Bernie Goldberg Meets Jason Whitlock…Finally
Bernie Goldberg talks with conservative black sportswriter Jason Whitlock about the piece they wouldn’t let him do on HBO’s “Real Sports.” Tweet
I thought Whitlock was a natural for “Real Sports,” but my idea was shot down. Why? His worldview didn’t mesh with Bryant Gumbel’s.
“If you don’t think George Floyd is akin to Martin Luther King, you could be branded as racist. And people are in fear of that.”
“I’ve been called everything under the sun over social media......I just don’t take it very seriously because I know who I am.”
“[LeBron] is an athletic prodigy...[but] I don’t think he’s developed his understanding of the world to a very high level.”
Jason Whitlock is a sports journalist whose work goes way beyond what used to pass as traditional sports reporting. He’s 54 and calls himself “a fat, black man”—he stands just over six feet tall and weighs in at a hefty 318 pounds. But it’s not so much his physical size that makes him stand out. It’s his outsized opinions on all sorts of cultural and political issues, including the hottest one of all—race in America. A New York Times story about him ran under the headline, “A Journalist Whose Sport Is Controversy.”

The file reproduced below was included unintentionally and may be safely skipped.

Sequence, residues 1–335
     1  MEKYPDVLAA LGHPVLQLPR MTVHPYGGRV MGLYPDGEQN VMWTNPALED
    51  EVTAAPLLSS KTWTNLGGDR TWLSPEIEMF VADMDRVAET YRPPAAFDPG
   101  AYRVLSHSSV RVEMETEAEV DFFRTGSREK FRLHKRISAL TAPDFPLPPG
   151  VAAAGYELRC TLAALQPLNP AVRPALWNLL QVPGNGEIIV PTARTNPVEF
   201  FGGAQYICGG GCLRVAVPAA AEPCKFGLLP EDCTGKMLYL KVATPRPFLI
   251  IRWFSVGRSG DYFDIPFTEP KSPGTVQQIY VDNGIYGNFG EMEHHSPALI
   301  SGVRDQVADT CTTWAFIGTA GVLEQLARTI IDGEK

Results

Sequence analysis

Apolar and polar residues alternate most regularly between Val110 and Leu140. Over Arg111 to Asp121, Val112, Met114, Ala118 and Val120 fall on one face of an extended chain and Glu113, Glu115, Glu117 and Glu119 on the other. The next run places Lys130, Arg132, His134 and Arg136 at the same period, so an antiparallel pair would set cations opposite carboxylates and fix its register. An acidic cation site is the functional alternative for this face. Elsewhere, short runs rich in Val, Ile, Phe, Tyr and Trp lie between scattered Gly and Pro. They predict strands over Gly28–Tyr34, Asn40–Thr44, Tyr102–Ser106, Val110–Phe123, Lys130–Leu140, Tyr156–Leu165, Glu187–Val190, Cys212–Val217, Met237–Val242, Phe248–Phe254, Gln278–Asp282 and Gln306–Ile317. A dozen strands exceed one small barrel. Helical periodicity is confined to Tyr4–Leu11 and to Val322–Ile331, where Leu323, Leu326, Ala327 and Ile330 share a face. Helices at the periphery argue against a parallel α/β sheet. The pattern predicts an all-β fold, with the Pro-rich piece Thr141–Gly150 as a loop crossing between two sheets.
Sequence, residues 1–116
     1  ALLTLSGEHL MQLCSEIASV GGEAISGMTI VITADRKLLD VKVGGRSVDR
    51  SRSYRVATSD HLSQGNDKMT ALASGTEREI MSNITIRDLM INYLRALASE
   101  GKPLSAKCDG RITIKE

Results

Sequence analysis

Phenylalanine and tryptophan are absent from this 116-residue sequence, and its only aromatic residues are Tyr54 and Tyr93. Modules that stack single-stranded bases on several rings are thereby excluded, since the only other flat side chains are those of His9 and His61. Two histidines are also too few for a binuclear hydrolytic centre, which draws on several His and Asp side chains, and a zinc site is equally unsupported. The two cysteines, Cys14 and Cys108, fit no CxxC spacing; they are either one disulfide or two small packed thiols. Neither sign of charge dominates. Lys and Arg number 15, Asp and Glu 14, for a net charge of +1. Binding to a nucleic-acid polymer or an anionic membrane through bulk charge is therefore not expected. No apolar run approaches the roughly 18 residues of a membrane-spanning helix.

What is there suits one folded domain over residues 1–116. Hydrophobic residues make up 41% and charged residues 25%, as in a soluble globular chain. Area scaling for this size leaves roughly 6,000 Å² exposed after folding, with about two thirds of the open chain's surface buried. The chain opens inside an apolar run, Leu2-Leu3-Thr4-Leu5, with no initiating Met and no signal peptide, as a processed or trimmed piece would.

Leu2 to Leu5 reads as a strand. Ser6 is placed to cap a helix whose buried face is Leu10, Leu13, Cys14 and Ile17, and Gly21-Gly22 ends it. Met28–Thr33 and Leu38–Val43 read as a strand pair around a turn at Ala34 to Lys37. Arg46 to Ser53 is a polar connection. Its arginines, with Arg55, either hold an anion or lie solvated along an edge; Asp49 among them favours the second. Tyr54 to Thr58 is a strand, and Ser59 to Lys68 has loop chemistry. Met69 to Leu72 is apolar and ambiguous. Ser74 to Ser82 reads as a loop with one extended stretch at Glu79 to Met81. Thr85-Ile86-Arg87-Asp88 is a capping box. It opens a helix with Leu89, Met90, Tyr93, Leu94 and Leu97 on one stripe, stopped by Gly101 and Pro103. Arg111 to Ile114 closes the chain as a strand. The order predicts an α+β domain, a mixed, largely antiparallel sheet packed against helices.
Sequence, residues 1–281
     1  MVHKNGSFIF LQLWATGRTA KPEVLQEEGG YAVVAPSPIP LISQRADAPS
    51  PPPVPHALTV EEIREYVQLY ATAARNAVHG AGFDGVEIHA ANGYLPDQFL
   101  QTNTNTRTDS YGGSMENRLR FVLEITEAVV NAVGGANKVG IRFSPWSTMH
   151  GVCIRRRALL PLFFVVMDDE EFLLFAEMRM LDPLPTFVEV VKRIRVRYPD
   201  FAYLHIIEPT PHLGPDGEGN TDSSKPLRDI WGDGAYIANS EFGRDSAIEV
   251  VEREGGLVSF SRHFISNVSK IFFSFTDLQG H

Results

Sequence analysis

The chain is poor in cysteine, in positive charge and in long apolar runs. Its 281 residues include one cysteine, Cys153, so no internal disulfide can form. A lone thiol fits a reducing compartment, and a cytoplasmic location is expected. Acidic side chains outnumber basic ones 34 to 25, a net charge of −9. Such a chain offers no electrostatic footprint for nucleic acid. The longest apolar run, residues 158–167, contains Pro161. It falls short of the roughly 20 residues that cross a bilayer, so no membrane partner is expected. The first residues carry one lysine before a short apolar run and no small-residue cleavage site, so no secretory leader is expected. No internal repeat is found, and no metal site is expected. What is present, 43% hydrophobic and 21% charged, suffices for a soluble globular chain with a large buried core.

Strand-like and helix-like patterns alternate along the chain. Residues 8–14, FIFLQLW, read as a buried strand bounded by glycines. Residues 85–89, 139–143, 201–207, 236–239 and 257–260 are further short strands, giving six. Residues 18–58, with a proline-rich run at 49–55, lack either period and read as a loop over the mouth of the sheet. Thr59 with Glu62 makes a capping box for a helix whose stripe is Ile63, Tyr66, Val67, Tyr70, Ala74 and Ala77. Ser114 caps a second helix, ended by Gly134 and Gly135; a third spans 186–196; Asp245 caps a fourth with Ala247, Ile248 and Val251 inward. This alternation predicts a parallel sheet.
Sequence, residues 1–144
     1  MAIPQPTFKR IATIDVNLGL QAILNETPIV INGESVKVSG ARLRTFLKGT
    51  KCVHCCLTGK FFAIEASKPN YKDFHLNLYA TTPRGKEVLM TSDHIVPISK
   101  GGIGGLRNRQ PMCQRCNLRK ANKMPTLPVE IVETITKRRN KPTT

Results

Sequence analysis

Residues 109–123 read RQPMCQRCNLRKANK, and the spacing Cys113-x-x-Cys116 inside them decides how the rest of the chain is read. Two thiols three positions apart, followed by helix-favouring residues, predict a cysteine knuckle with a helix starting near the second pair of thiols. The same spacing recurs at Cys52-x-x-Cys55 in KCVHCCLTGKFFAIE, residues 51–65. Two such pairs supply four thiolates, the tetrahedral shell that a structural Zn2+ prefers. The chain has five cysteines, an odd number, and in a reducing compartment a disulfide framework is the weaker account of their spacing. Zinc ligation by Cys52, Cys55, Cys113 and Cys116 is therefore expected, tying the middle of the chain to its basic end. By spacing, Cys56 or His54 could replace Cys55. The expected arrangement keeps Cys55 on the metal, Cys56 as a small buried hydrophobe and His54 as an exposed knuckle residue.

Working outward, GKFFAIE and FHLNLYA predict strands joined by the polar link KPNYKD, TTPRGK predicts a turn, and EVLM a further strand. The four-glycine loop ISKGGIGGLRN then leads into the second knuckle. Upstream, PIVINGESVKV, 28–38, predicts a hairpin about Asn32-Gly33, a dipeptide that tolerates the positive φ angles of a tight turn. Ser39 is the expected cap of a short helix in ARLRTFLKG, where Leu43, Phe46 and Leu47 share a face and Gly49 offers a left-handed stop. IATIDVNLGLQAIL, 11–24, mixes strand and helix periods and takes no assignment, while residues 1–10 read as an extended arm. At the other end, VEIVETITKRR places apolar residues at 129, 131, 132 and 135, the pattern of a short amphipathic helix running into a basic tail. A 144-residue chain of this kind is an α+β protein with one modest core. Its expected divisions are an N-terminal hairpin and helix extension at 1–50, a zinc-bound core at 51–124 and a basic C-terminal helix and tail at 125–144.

What makes Whitlock so despised (by elites both in and out of journalism) is he’s guilty of an unpardonable offense: Whitlock is a black conservative—a sin that, as far as liberal elites are concerned, ranks right up there with crimes against humanity.
Which brings us to my history (of sorts) with Whitlock. When I was a correspondent on HBO’s “Real Sports,” I pitched a story about him—a profile of a black, conservative journalist who went to college (Ball State University in Muncie, Indiana) on a football scholarship and was (and still is) making waves in the world of sports. I thought it was natural for a show that often featured smart people with strong opinions. But my idea was shot down. Why? Because Whitlock’s worldview didn’t mesh, I was led to believe, with the left-of-center sensibilities of the show’s host, Bryant Gumbel.
I left “Real Sports” in 2021. So when I was asked to interview Whitlock for PM, let’s just say I was more than a little interested. We talked recently by phone, and here’s part of our conversation.
Bernie Goldberg: Once upon a time, sports was a place that we went to get away from the daily barrage of politics and a lot of other stuff we don’t like. Not anymore. Is that a fair assessment?
Jason Whitlock: Yeah, I think one upon a time, sports was second to religion in bringing people of diverse backgrounds together. And so, I think, other than religion, nothing promoted unity more than sports in America.